For me, letting go means giving back. I want every other child to feel the innocence and love I was blessed with as a child. I want to dedicate my life to that cause and follow God blindly and humbly. I just have a lot of work to do on my way.

Like packing. Lots of packing.

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Letting Go

By Kate

My littlest sister leaves home this week. She’s leaving behind the cool green ridges of Western Wisconsin for the heat and the hustle and the dust of Dallas, Texas.

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Texas is a long way from Wisconsin, and the University of Dallas is a long way from a tiny high school in a farm town complete with hitching posts outside the hardware store. Not a lot of Amish people in Dallas, I imagine. Not a lot of Wisconsin farm girls either. It’s a long journey and a huge leap, but I know that my bold, beautiful, and surprisingly sophisticated sister will do just fine. In fact, she will shine, as she always has and always will.

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Clare has been beautiful since she was born. I was 17 when that happened, and part of the reason I put off leaving for college for an extra year was the fact that I couldn’t bear to disappear without holding her (and all the rest of my littlest siblings) for as long as I could. I read them stories and sang them to sleep and cried because I was terrified that they would grow up without having me be a real presence in their lives.

It turns out that my personality is strong enough to make a significant mark in the life of my family even from thousands of miles away. That’s a good thing, since my path has taken me further from home than I could have imagined. Before I left home when I was Clare’s age I fought fiercely to hold my family and my land in my heart, and there they remain. I let go, and I held on. I’m pretty sure I still managed to form Clare’s childhood quite a bit. If nothing else, I imparted the importance of wandering out of the farmhouse barefoot and dressed like a gypsy or a wood nymph or a queen, carrying a book about any of those type of characters, headed for the woods to dream under a tree. Dramatic makeup and a super amazing photographer like my sister Nicole on hand? Even better.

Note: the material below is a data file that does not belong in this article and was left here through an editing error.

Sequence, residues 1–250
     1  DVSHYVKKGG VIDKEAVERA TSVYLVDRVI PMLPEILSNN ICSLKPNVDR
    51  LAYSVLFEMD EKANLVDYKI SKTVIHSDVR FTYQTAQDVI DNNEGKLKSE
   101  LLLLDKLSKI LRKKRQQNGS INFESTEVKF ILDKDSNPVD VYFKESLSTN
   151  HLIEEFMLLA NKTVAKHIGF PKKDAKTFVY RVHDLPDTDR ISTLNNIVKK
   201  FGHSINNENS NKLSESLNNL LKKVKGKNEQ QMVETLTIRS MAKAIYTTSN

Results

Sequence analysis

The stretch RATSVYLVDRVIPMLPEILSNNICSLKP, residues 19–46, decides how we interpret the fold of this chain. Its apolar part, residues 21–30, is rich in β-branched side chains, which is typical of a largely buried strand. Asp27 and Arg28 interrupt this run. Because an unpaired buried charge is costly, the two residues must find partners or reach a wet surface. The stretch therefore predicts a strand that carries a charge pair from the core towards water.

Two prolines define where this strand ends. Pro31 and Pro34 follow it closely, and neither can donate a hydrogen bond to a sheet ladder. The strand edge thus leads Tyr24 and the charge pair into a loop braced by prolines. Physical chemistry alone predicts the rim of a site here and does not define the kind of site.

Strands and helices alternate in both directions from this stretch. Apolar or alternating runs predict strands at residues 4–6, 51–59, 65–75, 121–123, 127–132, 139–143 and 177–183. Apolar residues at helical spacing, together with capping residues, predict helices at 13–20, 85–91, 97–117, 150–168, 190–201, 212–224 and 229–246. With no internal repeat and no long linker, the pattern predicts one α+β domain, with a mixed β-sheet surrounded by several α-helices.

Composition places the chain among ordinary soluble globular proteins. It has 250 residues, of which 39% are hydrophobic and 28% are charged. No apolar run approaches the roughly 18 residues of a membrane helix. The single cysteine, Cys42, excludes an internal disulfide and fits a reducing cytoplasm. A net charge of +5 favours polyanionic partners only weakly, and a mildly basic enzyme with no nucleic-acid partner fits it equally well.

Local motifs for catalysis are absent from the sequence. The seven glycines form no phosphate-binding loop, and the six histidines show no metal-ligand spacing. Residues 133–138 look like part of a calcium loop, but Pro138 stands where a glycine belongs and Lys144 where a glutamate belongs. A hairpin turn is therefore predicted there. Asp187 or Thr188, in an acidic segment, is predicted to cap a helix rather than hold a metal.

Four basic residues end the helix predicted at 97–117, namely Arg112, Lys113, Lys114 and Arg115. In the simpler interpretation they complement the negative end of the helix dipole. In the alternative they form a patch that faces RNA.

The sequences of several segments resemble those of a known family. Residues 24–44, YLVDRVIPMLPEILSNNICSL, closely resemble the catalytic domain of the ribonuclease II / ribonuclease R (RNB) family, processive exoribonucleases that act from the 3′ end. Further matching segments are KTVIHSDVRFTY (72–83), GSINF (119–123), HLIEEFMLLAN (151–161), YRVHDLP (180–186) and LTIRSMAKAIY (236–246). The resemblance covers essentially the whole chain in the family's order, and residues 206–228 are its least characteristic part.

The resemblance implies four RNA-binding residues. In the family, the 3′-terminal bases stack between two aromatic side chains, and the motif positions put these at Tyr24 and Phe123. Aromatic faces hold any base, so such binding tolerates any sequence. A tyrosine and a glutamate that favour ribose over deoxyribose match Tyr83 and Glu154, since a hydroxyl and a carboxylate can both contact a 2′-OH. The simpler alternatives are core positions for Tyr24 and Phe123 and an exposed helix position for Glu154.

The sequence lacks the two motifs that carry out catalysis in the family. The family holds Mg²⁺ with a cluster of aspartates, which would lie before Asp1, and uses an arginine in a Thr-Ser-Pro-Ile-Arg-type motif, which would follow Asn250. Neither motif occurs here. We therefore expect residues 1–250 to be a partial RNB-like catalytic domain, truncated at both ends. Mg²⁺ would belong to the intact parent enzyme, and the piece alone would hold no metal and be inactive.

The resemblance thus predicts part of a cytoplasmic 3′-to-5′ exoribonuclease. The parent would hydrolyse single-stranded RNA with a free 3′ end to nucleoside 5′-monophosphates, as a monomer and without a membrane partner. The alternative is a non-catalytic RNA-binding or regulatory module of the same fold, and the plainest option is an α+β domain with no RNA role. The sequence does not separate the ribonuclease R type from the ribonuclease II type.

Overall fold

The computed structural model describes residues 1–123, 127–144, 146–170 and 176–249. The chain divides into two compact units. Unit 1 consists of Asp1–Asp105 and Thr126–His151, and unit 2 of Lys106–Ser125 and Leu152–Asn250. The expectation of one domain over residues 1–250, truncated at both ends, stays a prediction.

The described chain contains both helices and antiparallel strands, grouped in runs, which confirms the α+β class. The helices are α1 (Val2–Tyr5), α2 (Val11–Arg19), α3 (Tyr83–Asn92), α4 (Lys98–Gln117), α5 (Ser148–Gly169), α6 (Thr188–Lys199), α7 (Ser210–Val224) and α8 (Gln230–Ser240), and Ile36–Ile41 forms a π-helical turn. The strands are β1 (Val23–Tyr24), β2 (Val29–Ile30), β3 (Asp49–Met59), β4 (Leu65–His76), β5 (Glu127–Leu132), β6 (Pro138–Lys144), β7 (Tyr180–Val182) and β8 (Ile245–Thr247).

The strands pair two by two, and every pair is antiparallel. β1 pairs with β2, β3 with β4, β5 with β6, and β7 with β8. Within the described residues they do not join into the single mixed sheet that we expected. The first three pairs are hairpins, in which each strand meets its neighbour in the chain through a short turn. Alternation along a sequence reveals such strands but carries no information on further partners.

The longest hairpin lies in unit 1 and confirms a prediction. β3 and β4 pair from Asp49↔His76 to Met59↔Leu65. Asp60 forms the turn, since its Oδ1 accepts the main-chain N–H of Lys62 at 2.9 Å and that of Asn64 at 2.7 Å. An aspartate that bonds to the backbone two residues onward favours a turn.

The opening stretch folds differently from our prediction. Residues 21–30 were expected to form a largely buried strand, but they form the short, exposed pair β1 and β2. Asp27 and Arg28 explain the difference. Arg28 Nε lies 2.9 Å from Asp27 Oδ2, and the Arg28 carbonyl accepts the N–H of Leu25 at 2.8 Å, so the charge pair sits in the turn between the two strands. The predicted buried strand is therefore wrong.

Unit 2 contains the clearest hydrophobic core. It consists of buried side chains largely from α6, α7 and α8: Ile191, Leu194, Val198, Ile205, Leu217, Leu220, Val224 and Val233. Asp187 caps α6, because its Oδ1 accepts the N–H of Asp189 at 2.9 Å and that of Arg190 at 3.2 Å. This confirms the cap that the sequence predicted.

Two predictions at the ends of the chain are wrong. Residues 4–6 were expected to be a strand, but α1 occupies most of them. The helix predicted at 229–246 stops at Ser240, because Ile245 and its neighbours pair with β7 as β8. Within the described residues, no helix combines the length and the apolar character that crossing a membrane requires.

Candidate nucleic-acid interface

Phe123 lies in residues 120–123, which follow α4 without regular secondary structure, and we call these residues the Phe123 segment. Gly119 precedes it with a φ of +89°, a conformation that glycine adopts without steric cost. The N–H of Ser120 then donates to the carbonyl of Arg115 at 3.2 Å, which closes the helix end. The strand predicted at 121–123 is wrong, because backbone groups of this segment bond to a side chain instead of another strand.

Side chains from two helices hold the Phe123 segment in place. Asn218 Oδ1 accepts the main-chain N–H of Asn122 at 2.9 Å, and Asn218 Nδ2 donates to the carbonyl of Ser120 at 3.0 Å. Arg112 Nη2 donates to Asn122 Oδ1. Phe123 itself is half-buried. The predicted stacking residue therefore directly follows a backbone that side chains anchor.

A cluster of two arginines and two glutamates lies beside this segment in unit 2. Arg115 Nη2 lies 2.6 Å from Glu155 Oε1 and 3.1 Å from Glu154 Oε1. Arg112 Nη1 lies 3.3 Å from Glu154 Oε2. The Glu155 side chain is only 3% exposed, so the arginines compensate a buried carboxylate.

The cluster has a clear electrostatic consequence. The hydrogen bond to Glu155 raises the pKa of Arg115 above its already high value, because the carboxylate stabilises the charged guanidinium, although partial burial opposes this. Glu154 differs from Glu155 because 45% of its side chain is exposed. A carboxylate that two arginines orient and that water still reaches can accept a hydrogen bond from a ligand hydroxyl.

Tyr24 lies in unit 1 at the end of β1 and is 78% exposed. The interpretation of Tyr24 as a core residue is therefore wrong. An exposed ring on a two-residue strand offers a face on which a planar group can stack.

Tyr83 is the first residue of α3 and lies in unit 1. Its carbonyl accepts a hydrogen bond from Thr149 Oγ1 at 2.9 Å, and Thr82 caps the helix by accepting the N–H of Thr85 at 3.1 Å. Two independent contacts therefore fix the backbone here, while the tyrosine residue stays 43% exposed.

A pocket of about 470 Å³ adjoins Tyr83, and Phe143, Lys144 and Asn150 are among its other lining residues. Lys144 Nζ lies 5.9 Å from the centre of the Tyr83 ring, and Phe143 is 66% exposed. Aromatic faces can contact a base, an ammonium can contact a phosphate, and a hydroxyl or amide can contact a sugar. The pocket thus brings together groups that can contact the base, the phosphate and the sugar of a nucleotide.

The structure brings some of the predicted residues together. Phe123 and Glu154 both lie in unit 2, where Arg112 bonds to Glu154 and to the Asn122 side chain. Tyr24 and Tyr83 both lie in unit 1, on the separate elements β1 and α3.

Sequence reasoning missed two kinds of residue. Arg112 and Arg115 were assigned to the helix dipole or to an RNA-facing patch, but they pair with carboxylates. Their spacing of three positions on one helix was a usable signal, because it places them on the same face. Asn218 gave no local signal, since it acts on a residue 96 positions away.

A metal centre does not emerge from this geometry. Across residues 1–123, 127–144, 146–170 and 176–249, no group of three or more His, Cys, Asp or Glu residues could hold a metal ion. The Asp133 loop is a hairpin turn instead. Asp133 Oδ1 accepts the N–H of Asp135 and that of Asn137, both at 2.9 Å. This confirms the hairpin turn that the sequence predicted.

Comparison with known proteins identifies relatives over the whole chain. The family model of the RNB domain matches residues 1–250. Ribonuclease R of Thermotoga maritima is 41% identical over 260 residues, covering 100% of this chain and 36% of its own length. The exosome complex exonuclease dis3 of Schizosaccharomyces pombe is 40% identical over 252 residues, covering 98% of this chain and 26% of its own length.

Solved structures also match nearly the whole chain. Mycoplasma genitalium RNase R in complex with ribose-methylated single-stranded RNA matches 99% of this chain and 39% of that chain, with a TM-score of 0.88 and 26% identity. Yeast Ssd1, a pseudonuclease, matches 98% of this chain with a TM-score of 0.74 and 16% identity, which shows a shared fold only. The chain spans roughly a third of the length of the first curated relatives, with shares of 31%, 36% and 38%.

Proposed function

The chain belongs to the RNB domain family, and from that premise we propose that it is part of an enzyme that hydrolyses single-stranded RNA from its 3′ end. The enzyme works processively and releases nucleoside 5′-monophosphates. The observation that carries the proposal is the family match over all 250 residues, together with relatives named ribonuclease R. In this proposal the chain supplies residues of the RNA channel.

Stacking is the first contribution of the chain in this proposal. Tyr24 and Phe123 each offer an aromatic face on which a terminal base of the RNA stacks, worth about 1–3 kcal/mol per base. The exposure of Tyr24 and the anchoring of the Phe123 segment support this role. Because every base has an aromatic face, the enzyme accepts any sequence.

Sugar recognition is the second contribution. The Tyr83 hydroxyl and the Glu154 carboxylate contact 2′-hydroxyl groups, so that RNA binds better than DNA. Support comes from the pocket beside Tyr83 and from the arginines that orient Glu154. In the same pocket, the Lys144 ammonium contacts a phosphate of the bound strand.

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Here is what is hard. Clare leaving for college is not just the end of her childhood. It’s the end of all of ours. As the ninth and last sibling to leave the nest, her departure means that we are raised, at least officially speaking. Granted, the height of the clamor and the chaos died down years ago. It’s been a long time since we played our particular version of tag, which at one point regularly included climbing out the third floor windows and scrambling around the roof while whooping and howling. We’ve ceased causing near heart attacks for our farmer neighbors and some of us are selling them corn or life insurance instead. We’re growing up and settling down and beginning to raise another generation of children, and that’s a wonderful thing. The past is gone, but the future is bright, particularly for my bright eyed, flame haired, college bound baby sister Clare.

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I’m far away from home and soon Clare will be too, but I’m holding her in my heart as she leaps out into the future.